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Young Wizards refuse to tank

Why would a lottery-bound team bust their collective tail to get wins that only worsen their prospective draft pick? What do you gain when you refuse to tank? I could point to last year's fateful win over the Pacers where D-league callup Cedric Jackson hit a dagger three to send the season out in style. That win moved us from third place in the lotto standings to fourth, tied with Indiana. We lost the subsequent flip, and were suddenly sitting in fifth. That clutch shot seemed mighty costly. Of course, the Wizards won the draft lotto, but we didn't know that at the time. As glad as we all were to win in thrilling fashion, seeing the cost left a bad taste in our mouths.

I can't hold up John Wall and say, 'See? Always win.' I can say that draft position, while crucial, doesn't play as big a role as sheer chance does when it comes to building a contender. Kevin Durant was drafted after Greg Oden, Michael Jordan was drafted after Sam Bowie (poor Trailblazers), so losing a spot or two isn't the end of the world. Of course, if no one comes out for the draft...but we won't dwell on that. Why do we refuse to tank?

We've called it mindset, attitude, and culture. It's about bringing along that ferocious team outlook and trusting in warrior's luck. Sometimes it works and sometimes it doesn't. How many tanking teams have gone on to domination? More importantly, who could openly get away with that while facing today's media scrutiny? Maybe it's just about protecting the integrity of the game. What would Flip Saunders tell our players? 'Hey, Javale, you're at PG.' 'Andray, 20 foot fadeaways solamente, comprendes?'

Dwayne, you can get through college half-assed. Richard, you can get through life half-assed. But I'll guarantee you boys one thing: sure as hell, I'll guarantee you this: you cannot win half-assed!

I've always believed that a good coach for a young team never stops teaching, and the only way to teach winning is to win. Well, can't we just get close and grab a moral victory? So what exactly is that sentiment? What are you teaching the team when you demand 36 minutes of excellence and discipline and send in the scrubs to close out the game the rest of the team was balling for? What message does that send to the end of the bench?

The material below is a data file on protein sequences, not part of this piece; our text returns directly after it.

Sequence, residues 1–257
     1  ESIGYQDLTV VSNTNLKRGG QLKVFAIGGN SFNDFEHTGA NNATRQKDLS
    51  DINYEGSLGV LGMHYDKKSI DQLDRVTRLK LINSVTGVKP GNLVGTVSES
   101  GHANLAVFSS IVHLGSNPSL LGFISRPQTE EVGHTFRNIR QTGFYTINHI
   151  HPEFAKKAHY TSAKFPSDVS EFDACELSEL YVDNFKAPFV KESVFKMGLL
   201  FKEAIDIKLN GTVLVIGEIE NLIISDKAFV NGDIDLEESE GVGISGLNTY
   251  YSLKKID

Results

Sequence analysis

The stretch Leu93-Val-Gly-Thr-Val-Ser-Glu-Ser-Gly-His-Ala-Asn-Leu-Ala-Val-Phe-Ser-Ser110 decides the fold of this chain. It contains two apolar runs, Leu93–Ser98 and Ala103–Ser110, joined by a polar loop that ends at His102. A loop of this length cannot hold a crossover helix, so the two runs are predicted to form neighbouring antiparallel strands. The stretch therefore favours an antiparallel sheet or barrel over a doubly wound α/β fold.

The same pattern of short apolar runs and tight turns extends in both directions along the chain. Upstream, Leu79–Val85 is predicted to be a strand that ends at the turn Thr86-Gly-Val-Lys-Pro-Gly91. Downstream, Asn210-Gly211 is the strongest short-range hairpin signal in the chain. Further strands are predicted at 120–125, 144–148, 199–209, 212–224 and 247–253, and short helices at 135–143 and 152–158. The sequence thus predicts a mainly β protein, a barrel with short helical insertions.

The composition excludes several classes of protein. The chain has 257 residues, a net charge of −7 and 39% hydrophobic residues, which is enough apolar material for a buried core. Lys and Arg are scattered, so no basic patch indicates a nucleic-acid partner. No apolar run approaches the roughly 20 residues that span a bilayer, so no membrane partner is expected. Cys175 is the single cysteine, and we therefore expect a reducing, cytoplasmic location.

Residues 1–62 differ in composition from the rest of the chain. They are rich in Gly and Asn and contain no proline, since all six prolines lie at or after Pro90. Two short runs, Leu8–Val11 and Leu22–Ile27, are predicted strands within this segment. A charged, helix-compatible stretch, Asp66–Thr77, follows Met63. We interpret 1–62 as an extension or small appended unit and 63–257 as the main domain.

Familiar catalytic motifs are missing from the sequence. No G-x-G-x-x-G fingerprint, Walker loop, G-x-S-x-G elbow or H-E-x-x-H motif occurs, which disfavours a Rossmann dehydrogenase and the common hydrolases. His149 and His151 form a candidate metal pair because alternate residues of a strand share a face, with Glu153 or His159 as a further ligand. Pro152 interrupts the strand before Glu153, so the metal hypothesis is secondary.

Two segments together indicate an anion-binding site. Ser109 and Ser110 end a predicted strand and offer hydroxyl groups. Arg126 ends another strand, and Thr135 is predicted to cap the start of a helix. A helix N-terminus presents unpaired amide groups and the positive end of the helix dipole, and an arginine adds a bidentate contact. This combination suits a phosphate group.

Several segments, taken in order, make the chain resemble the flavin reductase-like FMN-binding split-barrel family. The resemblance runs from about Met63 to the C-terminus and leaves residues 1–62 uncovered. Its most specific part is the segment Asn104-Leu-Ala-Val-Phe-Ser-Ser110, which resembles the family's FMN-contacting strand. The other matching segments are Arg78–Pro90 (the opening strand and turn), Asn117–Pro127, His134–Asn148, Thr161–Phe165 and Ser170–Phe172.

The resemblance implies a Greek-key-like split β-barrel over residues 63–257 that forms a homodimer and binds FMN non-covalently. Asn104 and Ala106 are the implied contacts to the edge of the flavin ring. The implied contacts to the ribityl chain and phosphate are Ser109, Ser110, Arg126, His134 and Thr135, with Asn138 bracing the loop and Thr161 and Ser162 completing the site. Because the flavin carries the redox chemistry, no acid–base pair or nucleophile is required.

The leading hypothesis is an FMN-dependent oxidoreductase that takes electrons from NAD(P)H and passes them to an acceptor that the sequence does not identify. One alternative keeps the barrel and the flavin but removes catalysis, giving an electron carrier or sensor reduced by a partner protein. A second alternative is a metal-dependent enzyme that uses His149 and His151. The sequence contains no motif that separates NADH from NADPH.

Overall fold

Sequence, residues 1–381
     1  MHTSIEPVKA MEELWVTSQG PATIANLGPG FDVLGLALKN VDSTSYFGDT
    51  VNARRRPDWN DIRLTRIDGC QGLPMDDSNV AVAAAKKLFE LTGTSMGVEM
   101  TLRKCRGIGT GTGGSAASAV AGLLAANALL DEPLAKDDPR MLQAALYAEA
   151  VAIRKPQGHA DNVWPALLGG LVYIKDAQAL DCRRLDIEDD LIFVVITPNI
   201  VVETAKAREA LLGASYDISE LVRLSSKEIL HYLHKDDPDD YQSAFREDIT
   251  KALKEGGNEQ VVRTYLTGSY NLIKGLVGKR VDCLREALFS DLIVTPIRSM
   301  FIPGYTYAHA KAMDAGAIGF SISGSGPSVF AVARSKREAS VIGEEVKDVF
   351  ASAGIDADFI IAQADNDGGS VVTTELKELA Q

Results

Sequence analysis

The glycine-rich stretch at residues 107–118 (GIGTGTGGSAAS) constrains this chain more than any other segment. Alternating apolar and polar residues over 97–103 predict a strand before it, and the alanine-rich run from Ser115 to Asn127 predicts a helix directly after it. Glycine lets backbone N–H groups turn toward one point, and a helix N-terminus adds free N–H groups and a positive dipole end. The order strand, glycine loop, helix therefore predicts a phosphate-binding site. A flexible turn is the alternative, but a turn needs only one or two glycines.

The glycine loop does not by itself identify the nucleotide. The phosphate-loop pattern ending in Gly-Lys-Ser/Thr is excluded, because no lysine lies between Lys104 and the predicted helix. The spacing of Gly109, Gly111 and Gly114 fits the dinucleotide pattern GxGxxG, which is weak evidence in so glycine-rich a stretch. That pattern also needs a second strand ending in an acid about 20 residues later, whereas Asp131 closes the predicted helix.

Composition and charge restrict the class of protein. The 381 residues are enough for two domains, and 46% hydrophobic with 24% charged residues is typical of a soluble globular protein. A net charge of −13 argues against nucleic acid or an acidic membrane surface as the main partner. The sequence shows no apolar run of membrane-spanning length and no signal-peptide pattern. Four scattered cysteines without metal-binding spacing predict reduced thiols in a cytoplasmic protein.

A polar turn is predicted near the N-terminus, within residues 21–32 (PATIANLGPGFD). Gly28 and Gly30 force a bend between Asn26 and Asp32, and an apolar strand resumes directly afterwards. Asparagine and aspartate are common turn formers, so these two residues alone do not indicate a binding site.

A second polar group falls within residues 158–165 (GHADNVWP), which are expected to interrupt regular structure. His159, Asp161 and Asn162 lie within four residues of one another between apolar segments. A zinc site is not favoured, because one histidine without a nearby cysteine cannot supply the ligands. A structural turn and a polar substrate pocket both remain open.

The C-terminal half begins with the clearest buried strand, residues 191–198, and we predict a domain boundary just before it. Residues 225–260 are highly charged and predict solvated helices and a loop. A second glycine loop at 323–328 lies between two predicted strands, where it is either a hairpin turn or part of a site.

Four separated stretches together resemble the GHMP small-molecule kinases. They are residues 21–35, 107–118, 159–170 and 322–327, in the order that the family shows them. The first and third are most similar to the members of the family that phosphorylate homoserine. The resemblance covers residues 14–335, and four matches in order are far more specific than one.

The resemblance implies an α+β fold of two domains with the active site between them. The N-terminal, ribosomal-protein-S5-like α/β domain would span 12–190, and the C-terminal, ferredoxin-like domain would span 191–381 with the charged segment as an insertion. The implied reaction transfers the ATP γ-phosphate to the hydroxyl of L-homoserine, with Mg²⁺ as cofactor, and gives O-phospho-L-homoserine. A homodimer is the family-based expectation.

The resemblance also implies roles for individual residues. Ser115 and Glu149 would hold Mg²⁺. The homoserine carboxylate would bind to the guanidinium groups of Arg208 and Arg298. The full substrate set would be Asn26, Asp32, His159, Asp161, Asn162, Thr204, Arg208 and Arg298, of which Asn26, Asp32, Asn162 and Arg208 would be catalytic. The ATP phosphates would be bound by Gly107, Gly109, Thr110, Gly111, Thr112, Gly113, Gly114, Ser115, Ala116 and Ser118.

Fourth quarter experience is the name of the game for a rebuilding team. When the chance appears to outplay any team for a victory you're fighting for, the coach can't be thinking about the lottery standings because the players can't. You've got to recognize those opportunities with a killer's instinct and go to for the throat. Losing on purpose dulls the competitive edge and doesn't teach the team anything except winning is optional in this league. Why would anyone not playing for their job leave it out on the floor?

It's often the last key that opens the lock.

A basketball game is broken down by possessions, with scores of decisions on both sides of the ball every time it's brought up the floor. I can't measure the value of a team focused on a single objective with all their willpower versus a team that's being told to slip up. I can't tell you that what team one learns will make them that much better than a possible higher draft pick will make team two. But fueled by a health dose of D-league energy we're seeing our team threatening to slide lower in the lottery at the finish line once again. I'm taking heart from the fight I'm seeing, looking at it as a positive sign for the future. Maybe I'll feel differently once the lottery balls are spinning, but I'll know I wouldn't have had it any other way.